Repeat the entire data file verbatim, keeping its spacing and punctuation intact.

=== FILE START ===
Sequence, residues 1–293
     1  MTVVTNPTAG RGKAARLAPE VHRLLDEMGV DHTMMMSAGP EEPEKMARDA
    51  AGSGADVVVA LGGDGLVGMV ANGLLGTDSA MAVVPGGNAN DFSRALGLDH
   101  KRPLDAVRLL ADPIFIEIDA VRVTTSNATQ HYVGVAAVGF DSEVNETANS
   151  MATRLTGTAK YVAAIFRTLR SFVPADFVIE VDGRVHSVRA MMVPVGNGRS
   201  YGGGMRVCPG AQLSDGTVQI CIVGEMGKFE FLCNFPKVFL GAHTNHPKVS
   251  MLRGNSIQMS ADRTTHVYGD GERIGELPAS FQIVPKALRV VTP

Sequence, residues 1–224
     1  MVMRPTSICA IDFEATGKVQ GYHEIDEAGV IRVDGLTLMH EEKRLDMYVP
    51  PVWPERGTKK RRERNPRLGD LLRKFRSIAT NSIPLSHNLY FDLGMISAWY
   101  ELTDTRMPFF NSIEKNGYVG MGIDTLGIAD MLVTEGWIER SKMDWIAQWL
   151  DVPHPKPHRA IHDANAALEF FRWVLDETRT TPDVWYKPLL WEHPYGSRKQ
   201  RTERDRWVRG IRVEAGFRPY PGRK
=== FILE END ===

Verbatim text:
Sequence, residues 1–293
     1  MTVVTNPTAG RGKAARLAPE VHRLLDEMGV DHTMMMSAGP EEPEKMARDA
    51  AGSGADVVVA LGGDGLVGMV ANGLLGTDSA MAVVPGGNAN DFSRALGLDH
   101  KRPLDAVRLL ADPIFIEIDA VRVTTSNATQ HYVGVAAVGF DSEVNETANS
   151  MATRLTGTAK YVAAIFRTLR SFVPADFVIE VDGRVHSVRA MMVPVGNGRS
   201  YGGGMRVCPG AQLSDGTVQI CIVGEMGKFE FLCNFPKVFL GAHTNHPKVS
   251  MLRGNSIQMS ADRTTHVYGD GERIGELPAS FQIVPKALRV VTP

Sequence, residues 1–224
     1  MVMRPTSICA IDFEATGKVQ GYHEIDEAGV IRVDGLTLMH EEKRLDMYVP
    51  PVWPERGTKK RRERNPRLGD LLRKFRSIAT NSIPLSHNLY FDLGMISAWY
   101  ELTDTRMPFF NSIEKNGYVG MGIDTLGIAD MLVTEGWIER SKMDWIAQWL
   151  DVPHPKPHRA IHDANAALEF FRWVLDETRT TPDVWYKPLL WEHPYGSRKQ
   201  RTERDRWVRG IRVEAGFRPY PGRK